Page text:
Eleanor Vaughan

An investigation by the Energy and Commerce Committee has revealed that, for political reasons, the White House rushed a $528 billion federal loan to solar firm Solyndra, which went bankrupt two weeks ago. Taxpayers should be outraged. Not just about Solyndra, but about the inherent corruption of government's entire push to pick winners and losers in the energy sector, and micromanage the economy in general.

In case anyone has missed it, here's a refresher on what happened with Solyndra. After the Department of Energy had tentatively approved Solyndra’s loan, White House officials unduly pressured the Office of Management and Budget to give final approval. Vice President Joe Biden was scheduled to appear at the company’s groundbreaking ceremony and the White House didn’t want to miss its photo opportunity. Even then Chief-of-Staff Rahm Emanuel wrote to ask if there was anything he could do to speed the process along. Officials worried that rushing to approve the loan meant they didn’t have enough time to assess the risk to taxpayers. But, the loan went ahead and so did Biden’s photo op.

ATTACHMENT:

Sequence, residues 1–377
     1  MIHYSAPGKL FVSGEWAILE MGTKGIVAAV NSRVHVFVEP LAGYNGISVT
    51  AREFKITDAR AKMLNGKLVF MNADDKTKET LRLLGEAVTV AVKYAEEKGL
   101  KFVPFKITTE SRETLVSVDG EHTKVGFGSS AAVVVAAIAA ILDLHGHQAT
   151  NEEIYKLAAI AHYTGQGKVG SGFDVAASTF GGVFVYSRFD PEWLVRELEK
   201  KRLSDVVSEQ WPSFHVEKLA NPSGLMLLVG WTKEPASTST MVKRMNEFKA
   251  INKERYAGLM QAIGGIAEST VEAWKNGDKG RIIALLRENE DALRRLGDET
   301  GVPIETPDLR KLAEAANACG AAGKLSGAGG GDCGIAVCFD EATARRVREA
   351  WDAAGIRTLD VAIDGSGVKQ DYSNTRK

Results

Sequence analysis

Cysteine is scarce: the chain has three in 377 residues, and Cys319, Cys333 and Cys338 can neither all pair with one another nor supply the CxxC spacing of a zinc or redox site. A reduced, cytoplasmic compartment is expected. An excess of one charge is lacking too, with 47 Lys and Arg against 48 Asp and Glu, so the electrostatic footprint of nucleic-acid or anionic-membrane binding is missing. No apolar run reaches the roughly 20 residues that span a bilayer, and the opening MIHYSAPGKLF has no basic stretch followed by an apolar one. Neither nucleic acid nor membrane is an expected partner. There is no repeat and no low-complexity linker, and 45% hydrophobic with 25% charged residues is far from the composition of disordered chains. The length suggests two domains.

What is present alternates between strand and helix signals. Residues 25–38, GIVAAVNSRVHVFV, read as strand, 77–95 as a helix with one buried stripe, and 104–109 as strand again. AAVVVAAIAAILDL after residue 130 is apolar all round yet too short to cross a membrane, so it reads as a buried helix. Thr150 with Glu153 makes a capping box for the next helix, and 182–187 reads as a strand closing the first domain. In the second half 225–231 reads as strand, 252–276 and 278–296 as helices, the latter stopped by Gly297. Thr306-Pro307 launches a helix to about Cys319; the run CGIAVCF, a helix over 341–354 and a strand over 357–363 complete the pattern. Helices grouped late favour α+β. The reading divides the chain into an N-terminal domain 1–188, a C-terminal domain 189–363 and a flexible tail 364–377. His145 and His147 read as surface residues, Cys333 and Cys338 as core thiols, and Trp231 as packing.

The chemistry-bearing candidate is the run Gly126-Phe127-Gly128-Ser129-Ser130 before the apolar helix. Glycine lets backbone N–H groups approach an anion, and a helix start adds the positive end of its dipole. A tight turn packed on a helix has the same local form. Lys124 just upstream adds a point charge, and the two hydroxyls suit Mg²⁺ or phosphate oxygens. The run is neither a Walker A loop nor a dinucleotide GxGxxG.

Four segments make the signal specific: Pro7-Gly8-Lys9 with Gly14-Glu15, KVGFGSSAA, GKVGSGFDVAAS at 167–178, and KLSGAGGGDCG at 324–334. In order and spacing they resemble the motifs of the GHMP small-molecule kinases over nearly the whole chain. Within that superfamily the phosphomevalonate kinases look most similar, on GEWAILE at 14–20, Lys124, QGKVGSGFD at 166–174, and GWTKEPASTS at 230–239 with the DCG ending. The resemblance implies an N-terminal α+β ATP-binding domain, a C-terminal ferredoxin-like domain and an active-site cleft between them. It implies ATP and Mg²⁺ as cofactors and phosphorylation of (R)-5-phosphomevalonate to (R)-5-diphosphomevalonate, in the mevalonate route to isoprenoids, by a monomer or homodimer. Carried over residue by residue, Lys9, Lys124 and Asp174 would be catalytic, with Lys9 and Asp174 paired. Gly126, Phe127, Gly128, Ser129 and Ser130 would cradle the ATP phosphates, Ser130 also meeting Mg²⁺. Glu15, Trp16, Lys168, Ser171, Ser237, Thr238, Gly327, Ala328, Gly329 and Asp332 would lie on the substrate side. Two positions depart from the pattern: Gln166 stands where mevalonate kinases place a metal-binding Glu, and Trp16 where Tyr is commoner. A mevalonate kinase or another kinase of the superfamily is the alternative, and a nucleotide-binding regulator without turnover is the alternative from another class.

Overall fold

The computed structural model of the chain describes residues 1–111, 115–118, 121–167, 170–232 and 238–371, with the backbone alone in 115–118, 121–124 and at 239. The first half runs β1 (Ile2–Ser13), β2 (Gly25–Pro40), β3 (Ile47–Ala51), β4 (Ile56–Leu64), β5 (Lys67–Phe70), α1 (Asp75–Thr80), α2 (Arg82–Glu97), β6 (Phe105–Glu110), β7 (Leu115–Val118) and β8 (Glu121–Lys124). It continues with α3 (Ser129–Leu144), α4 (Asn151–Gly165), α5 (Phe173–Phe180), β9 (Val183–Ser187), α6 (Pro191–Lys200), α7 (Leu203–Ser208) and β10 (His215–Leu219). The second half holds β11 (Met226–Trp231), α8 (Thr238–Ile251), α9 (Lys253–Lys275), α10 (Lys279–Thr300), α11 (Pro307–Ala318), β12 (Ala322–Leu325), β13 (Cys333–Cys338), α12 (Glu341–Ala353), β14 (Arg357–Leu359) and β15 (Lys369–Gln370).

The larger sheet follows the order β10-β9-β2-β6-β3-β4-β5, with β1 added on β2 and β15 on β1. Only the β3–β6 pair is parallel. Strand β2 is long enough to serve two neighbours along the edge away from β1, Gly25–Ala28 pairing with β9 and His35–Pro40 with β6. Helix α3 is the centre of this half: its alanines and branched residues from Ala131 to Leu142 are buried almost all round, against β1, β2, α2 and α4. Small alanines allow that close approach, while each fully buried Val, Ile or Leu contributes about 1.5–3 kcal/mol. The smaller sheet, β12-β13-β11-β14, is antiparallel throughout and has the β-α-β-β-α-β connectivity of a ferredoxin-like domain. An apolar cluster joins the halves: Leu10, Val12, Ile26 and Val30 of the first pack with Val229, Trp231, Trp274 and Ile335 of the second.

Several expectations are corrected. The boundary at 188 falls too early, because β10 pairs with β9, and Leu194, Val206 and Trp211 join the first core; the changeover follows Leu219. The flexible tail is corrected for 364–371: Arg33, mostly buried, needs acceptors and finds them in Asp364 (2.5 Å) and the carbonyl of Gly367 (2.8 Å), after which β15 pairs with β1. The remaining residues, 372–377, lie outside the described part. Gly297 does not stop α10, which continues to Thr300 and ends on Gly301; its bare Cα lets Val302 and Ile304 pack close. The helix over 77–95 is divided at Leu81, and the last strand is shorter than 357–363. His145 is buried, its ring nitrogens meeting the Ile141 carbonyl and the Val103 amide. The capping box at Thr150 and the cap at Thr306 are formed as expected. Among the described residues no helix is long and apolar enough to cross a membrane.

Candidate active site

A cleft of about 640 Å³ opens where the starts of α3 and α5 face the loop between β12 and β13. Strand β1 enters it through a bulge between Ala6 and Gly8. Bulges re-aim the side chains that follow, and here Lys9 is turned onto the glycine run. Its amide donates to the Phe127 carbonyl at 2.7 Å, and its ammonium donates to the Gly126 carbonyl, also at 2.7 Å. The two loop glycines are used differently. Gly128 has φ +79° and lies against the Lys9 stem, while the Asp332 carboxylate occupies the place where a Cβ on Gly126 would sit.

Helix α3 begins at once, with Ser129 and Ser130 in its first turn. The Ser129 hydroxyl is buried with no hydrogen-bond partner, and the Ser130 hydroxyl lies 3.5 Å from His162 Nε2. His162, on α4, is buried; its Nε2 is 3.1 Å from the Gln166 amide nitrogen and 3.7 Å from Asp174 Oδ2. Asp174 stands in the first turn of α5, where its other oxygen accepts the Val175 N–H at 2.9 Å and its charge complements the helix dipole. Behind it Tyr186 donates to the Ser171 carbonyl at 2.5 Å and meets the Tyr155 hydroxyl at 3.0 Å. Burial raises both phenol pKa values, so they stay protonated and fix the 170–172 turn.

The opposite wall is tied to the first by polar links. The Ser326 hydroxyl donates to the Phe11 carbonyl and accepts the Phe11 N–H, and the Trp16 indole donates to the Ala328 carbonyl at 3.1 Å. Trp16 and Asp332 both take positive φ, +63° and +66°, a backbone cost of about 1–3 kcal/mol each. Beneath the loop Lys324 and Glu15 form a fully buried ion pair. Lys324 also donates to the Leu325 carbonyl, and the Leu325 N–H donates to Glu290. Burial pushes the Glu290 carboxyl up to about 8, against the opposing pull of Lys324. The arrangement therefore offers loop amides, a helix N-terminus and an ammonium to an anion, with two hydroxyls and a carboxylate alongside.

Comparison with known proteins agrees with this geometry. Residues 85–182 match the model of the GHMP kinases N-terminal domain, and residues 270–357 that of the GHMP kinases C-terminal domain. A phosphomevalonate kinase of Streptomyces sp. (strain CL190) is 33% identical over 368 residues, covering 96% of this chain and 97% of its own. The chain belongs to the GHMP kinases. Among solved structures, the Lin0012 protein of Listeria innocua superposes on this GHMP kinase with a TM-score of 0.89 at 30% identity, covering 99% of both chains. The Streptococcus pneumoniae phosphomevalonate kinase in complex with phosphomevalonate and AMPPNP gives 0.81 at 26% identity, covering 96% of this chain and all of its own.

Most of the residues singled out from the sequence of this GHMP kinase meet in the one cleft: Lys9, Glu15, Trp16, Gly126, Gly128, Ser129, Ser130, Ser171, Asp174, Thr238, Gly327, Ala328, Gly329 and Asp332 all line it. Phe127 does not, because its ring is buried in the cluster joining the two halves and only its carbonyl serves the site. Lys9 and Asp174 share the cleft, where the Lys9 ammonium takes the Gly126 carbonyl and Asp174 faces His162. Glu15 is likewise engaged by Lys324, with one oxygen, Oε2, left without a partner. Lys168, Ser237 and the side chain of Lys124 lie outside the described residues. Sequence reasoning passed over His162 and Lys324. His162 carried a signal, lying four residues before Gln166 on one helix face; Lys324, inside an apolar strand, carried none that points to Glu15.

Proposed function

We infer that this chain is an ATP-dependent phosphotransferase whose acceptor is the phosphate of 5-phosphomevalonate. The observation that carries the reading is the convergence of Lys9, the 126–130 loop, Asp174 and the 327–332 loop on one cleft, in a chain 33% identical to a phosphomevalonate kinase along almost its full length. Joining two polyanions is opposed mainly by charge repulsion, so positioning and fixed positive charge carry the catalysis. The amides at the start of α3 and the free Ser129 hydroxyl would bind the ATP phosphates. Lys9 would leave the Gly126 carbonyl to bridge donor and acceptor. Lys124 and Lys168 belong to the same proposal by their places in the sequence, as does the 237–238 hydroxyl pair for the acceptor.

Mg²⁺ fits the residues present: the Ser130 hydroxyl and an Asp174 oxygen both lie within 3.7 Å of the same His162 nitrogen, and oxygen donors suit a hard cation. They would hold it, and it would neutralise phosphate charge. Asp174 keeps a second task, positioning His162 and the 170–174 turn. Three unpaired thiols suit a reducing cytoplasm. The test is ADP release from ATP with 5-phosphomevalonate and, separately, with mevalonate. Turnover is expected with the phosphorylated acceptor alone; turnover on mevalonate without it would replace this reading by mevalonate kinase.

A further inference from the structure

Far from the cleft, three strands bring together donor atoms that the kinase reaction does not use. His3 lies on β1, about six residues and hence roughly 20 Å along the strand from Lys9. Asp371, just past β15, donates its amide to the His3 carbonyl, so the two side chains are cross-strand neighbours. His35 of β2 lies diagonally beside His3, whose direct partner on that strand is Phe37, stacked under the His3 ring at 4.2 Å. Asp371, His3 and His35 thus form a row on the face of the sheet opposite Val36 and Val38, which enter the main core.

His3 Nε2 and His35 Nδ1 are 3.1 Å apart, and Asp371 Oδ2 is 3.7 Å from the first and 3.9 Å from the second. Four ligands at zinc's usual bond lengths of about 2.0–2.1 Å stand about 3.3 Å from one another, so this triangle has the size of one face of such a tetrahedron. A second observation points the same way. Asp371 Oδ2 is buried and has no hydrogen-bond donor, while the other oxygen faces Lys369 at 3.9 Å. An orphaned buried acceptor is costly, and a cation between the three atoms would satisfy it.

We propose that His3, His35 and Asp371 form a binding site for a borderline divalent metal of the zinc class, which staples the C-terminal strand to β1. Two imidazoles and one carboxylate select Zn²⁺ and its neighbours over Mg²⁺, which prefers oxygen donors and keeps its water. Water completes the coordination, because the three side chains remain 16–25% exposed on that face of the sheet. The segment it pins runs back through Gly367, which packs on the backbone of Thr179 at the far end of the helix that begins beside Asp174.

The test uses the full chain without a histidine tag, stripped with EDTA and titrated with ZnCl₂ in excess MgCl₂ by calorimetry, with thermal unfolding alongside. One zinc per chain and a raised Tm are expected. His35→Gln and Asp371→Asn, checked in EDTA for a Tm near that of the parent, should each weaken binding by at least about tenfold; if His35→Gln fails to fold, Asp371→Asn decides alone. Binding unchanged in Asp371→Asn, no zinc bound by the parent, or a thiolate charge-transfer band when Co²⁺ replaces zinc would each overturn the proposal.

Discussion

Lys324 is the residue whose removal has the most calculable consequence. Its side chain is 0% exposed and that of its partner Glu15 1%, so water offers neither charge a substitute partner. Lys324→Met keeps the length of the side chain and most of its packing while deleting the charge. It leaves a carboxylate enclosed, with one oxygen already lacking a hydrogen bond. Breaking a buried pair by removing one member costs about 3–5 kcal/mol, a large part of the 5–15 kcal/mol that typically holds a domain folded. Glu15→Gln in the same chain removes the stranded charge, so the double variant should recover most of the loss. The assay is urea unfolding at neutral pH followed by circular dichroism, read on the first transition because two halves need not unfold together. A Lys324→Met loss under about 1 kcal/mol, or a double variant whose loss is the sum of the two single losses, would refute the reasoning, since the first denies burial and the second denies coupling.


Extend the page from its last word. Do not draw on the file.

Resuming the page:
President Obama touted the project as central to his green jobs plan, visiting the company in May 2010. Solyndra was the first solar company to receive a loan from a federal program to support green energy, a promising symbol of all those green energy jobs still to come. Then, two weeks ago, Solyndra went bankrupt. Now subject to an FBI investigation. The failed company leaves 1,100 people out of work and taxpayers liable for $528 billion in federal loans.

Eleanor Vaughan

Eleanor Vaughan is a junior fellow with the Independent Women's Forum. Originally from Toronto, she holds a B.A. with First Class Honors in political science from McGill University. Eleanor has been active in politics, both on and off campus, and was a visiting student at the University of Nottingham. She is currently pursuing a M.A. in political science at Columbia University where her research focuses on the construction of international environmental regimes. Her interests include international relations, Canadian and American politics, and environmental policy. She enjoys sharp wit and free markets.